Embrace Uncertainties – Focus, don’t Choose

Managers and leaders are making decisions, that’s just what they do, constantly. Some of these decisions are even matters of life and death. Other professionals do so too -firefighters, pilots and doctors have to make quick, critical decisions while adapting to emerging new conditions.

Many times these decision are taken in the uncertainty of having insufficient information, or meeting new circumstances. But often they are taken within human complex contexts where the dynamics of the situation is just unpredictable.

What can we do in such situations?
How can we make sure that we are using the right tools to make decisions that will progress us and help us understand better, plan better and act better? and not falling back into our comfort zones?

The Walking Dead

This comfort zone is quickly slipping away though.

Dr. Richard Claydon wrote recently about how popular TV shows are presenting us with a changing organizational culture in which – “All the strategic and tactical decision-making undermined by complex and chaotic events” over which we have no control.

This Walking Dead/Games of Thrones cultural context is very much present in the current thinking about the future of work and the transformation of organizational design. It also what makes many change efforts get stuck and mostly fail.

My suggestion is that we should embrace our own uncertainties. This means we take complexity seriously and understand that decision making is not about making the best choice, or just following best practices anymore. It’s about living with multiple best choices, which is what ambiguity is all about.

This cultural, contextual shift we are living through in our workplace, organisations, leadership and management is a shift from using a capacity to identify and chose the best option from several to the capacity to hold them all at the same time, embracing the possibilities they bring and experimenting with them.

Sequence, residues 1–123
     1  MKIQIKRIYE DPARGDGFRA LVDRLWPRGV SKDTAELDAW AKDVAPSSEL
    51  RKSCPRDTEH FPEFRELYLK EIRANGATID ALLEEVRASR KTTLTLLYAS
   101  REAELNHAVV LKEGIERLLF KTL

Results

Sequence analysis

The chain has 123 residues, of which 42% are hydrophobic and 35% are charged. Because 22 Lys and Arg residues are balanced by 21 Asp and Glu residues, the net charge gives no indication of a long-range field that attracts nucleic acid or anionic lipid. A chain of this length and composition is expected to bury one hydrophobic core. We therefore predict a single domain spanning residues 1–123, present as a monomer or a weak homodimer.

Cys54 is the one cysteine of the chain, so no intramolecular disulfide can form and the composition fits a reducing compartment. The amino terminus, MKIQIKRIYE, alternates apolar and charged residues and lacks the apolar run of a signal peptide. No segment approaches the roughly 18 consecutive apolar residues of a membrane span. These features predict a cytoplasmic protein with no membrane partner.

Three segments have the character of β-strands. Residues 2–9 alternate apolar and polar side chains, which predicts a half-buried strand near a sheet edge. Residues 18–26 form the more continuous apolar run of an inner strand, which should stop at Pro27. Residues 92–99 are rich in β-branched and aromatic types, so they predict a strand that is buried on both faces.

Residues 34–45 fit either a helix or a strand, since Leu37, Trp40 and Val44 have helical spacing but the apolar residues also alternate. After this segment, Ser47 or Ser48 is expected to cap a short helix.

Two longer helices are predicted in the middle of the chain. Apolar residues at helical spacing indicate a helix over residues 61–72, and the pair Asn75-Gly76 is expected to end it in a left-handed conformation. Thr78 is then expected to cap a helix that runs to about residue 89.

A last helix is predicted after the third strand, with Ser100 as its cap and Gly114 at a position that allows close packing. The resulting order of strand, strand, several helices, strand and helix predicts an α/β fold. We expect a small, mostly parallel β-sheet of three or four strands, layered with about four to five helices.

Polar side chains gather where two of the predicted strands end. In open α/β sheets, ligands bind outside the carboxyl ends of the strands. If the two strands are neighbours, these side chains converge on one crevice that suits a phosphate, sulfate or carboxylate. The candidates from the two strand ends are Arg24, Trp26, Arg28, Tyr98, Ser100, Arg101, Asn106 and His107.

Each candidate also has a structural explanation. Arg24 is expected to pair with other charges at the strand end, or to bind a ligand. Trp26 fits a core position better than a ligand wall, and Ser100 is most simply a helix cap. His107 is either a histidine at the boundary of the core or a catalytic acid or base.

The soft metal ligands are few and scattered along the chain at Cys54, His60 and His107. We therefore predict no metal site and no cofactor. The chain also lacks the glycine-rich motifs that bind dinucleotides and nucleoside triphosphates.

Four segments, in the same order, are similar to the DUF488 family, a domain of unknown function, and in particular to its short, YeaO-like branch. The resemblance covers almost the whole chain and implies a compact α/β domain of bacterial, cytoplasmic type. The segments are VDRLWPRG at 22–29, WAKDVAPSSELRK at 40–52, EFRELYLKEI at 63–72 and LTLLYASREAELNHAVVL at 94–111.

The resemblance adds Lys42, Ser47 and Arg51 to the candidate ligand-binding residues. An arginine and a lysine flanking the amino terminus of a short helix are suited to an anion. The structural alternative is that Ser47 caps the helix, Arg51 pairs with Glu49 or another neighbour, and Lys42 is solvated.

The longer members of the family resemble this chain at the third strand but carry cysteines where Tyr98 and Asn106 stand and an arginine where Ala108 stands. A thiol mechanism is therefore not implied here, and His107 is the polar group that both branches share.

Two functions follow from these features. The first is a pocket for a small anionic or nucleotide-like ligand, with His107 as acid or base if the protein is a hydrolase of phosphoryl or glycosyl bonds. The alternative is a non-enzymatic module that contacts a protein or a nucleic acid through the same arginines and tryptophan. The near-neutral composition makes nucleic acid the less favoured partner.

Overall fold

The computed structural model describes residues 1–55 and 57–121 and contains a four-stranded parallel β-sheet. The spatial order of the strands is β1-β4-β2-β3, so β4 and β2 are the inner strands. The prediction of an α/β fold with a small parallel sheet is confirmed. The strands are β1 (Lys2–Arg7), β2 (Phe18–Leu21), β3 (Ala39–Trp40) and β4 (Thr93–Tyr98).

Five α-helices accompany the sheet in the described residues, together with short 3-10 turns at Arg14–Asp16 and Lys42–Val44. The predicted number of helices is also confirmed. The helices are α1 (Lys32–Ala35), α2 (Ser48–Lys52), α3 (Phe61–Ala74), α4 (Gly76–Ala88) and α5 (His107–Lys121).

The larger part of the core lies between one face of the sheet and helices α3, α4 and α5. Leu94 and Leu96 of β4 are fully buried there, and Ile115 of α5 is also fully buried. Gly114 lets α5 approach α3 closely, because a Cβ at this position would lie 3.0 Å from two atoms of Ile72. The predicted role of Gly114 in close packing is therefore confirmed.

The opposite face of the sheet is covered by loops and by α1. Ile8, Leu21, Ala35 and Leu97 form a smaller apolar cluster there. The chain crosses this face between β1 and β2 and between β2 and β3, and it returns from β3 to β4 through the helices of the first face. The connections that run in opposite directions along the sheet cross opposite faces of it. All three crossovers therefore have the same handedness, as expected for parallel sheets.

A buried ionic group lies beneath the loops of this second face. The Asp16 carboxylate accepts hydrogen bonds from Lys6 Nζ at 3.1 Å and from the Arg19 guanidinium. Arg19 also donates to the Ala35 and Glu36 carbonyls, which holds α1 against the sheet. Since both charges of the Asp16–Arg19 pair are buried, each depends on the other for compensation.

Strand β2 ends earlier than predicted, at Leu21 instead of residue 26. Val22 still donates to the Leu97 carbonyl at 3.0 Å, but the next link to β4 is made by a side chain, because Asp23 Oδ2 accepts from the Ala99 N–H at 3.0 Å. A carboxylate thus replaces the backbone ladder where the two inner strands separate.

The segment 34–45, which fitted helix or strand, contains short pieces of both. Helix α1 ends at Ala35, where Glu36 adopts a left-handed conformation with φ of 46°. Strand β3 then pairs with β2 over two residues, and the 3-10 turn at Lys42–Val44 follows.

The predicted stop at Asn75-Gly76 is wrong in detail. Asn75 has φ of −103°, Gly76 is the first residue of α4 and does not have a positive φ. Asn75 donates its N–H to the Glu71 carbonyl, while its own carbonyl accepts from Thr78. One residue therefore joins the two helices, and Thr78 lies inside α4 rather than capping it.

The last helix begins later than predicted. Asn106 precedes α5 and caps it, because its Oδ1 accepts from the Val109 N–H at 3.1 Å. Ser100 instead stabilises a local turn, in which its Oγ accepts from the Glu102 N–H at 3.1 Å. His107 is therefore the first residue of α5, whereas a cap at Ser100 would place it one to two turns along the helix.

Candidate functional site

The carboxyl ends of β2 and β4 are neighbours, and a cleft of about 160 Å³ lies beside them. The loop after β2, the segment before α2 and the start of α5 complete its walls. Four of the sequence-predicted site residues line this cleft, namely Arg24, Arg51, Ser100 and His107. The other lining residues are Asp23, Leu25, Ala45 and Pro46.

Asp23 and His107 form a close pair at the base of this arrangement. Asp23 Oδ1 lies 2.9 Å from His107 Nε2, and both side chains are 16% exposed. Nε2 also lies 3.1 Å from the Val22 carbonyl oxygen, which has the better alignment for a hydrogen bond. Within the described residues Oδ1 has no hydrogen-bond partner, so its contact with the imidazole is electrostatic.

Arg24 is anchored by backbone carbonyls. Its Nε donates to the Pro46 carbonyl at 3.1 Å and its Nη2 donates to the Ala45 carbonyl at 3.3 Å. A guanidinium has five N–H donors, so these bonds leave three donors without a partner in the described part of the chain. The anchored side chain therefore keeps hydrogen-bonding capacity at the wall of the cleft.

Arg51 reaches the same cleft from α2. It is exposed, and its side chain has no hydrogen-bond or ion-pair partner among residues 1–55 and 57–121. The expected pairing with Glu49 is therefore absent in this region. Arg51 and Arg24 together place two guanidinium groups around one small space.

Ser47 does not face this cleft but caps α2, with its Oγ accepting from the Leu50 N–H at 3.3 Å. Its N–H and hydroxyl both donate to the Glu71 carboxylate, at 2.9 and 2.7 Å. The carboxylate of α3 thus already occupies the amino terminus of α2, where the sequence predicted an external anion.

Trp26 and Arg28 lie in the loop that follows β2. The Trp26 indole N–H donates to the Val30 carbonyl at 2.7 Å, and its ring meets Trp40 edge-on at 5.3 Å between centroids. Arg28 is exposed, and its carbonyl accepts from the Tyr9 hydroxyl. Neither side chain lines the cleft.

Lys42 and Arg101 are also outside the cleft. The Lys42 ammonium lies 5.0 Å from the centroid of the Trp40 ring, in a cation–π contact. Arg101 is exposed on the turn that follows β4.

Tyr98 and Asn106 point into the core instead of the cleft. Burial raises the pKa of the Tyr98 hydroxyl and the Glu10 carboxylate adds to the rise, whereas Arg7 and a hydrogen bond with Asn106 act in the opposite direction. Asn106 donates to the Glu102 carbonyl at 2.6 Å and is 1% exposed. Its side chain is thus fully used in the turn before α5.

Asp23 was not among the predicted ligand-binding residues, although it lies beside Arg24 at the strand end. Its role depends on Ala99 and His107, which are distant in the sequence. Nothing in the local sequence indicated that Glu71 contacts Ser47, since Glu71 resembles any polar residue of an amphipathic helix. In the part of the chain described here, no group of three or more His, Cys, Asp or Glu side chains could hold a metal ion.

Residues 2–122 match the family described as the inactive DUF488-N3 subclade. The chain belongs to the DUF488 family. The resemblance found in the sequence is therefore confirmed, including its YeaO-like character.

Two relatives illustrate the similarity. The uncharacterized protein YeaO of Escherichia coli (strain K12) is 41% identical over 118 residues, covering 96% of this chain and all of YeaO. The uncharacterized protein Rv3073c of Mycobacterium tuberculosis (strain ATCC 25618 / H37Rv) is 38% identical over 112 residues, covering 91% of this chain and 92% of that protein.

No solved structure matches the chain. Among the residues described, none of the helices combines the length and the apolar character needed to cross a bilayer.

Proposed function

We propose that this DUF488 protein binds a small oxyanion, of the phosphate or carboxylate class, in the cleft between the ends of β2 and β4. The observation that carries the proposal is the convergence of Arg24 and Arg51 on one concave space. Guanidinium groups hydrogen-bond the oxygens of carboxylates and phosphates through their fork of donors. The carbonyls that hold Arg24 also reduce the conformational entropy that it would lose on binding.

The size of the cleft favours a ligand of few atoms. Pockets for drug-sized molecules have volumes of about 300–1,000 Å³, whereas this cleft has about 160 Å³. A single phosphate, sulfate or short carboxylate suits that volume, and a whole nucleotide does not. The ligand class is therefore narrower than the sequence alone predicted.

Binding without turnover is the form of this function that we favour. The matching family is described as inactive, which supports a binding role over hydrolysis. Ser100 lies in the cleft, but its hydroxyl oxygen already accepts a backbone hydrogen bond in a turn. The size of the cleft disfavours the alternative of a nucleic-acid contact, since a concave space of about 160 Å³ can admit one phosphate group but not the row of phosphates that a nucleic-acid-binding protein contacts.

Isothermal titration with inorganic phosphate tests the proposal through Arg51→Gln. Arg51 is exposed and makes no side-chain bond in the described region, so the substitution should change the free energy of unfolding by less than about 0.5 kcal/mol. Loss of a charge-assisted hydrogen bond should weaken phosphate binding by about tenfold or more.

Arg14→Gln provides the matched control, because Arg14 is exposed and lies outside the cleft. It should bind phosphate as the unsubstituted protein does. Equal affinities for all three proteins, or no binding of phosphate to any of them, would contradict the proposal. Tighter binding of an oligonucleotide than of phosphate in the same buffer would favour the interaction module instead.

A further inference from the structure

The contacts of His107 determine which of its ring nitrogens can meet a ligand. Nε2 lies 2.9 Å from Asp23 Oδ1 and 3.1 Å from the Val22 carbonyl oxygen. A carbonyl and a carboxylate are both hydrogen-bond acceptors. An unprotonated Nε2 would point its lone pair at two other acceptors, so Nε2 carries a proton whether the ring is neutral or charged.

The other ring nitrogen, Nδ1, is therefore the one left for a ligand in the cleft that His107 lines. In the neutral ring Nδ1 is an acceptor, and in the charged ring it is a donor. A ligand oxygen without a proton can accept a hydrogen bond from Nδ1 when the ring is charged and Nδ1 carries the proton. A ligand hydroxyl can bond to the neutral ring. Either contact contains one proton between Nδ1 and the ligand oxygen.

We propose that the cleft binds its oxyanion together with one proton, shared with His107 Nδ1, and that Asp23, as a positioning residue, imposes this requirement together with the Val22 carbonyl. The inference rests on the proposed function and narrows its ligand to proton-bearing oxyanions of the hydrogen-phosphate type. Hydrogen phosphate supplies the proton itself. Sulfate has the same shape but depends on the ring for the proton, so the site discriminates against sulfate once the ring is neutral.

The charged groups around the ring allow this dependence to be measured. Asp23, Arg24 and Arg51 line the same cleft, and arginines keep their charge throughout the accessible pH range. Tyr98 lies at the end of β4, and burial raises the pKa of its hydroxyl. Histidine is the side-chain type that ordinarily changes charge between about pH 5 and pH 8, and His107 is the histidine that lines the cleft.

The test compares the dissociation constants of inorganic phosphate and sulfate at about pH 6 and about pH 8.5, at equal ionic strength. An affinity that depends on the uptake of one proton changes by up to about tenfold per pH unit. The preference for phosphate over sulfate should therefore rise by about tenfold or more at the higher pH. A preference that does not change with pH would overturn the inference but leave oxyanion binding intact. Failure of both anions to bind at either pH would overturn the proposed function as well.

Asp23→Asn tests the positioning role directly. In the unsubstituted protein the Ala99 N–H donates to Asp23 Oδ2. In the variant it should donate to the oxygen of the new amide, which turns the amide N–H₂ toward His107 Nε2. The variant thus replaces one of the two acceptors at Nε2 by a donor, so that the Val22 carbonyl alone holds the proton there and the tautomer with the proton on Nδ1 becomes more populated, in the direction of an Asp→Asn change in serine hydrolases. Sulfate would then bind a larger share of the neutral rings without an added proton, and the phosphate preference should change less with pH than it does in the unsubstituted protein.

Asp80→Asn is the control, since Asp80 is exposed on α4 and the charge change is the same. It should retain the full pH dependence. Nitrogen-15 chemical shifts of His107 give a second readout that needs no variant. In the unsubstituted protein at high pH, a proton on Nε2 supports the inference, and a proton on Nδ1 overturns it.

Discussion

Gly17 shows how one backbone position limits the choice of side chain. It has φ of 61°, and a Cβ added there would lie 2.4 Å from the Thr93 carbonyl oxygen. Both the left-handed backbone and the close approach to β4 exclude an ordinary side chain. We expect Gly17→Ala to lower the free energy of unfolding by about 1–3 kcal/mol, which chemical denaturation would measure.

When president Kennedy declared that the US will send a manned mission to the Moon by the end of the 1960s, he, and anyone else, were not sure how this will be done. But, he managed to focus the efforts of a whole nation and its scientific community.

Astronaut Peter Conard with the Surveyor 3. The Apollo 12 Lunar Module has landed just 200 meters away (NASA)

One of the steps to get there was to send an unmanned vehicle to the Moon, to collect the needed information for the manned landing. It was called the ‘Surveyor’ (there where 7 of them launched to the moon between 1966-1968) and when NASA was building it there was no existing information about how exactly is the Moon surface structured. So, they had to operate within complete uncertainty and experiment.

Today, we see similar visions which entail embracing uncertainties and a decision making process that will focus efforts and allow the emergence of solutions rather then make the right choices. Elon Musk’s SpaceX, is gearing up to introduce commercial spaceflights that will essentially transport people to Mars by 2025.

By putting the boundaries, the constraints on an innovation and declaring a new frontier, we focus efforts without making limiting choices. Leaving room for the emerging dynamics of interactions to come up with solutions and create a new landscape of disruption. This changes our traditional decision making model from one which seeks the best answer and best path to a one that embraces uncertainties and focus efforts in a way that leaves room for dynamic experimentation and emergence.

If you enjoyed do share and comment, and if you are leading change and managing processes you might benefit from further thinking about using complexity principles to DO CHANGE BETTER. You are welcome to join. Furthermore, you are welcome to visit my website here – www.complextochange.net.



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